To his credit, the President of the State Board of Education, Mark Biedron, came to Montclair to meet with us. But even he has no control over whether this charter is approved. At that meeting he promised to get us a meeting with staff of the New Jersey Department of Education’s Office of Charter and Renaissance Schools so we could at least make our case, but unfortunately he then retracted and we were told by both him and the head of the charter school office that it was not their ‘custom’ to meet with members of the local community (other than their interview/meeting with the charter applicants, of course) — once again, welcome to democracy, Jersey-style. To date, despite our efforts and those of our elected officials, we have not yet been able to sway the Department of Education to establish a new custom — you know, a custom of actually sitting down and listening to stakeholders before making a decision.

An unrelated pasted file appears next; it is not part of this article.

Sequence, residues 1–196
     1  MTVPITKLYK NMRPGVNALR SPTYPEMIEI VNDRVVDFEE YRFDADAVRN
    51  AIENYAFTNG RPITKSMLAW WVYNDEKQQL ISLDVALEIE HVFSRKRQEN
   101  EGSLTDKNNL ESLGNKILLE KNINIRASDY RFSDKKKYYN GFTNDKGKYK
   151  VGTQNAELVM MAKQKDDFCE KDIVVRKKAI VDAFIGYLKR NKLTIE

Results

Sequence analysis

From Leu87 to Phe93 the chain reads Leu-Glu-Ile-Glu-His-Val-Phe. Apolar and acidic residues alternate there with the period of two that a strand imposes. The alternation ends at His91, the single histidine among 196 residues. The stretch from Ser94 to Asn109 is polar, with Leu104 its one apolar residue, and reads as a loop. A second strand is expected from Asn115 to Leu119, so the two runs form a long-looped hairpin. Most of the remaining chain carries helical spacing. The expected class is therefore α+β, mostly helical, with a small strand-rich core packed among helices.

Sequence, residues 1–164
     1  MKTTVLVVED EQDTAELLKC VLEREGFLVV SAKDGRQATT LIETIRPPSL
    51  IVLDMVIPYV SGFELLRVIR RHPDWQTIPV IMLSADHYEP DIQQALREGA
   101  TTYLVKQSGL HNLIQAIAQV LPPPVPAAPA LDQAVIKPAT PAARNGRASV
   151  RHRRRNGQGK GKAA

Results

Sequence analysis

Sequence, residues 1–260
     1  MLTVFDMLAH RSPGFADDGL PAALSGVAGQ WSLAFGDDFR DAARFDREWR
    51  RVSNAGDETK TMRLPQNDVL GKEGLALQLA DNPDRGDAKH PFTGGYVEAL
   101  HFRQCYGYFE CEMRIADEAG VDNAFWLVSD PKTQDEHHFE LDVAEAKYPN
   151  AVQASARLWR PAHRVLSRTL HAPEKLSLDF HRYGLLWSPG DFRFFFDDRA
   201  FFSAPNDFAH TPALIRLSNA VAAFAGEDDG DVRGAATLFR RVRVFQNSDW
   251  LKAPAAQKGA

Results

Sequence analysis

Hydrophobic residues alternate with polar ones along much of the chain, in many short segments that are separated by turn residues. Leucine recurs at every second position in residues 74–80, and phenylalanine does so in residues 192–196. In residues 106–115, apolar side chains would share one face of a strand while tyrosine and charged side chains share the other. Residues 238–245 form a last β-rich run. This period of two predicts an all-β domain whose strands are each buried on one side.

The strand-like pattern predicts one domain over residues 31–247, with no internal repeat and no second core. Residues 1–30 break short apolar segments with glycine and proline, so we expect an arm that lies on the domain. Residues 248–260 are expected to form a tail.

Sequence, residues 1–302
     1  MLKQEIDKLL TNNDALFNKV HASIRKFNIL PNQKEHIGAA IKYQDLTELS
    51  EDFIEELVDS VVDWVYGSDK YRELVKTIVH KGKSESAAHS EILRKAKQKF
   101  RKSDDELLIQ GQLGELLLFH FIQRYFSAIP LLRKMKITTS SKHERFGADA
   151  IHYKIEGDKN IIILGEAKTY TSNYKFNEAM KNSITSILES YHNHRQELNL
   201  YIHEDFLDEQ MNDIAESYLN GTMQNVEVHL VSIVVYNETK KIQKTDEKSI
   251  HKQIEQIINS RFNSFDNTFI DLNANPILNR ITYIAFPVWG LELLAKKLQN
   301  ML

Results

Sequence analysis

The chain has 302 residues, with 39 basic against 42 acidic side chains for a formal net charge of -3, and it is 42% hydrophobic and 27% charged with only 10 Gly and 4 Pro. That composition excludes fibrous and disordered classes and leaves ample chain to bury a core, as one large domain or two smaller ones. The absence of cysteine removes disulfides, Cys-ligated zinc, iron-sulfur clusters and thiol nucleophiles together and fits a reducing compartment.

We have gathered over 1,000 (1,094 as of yesterday’s count, to be exact) physical letters. I PDF the originals at my office and then email the PDFs to various elected and appointed officials and snail mail the originals down to Trenton. And the online letter has gathered another 1,858 signatures as of this writing. We’ve seen how the sausage gets made, and learned a lot about local politics and our local community. Overall, I’m really proud of our community and what we’ve accomplished. We learned that a local hardware store had taken it upon itself to make copies and gather signatures on our physical letter and that it sent an additional hundreds of letters to Trenton in opposition. (Go Saunders and South End Hardware Stores — shop local, people!) I’ve been incredibly impressed with the letter to the editor campaign, which is my baby. The most amazing part of that campaign is that 25 different writers all included 25 different sets of arguments for why this charter school is bad for our community. We’ve also printed t-shirts, magnets, and spent more of our own dollars than I like to think about on everything from copying to postage.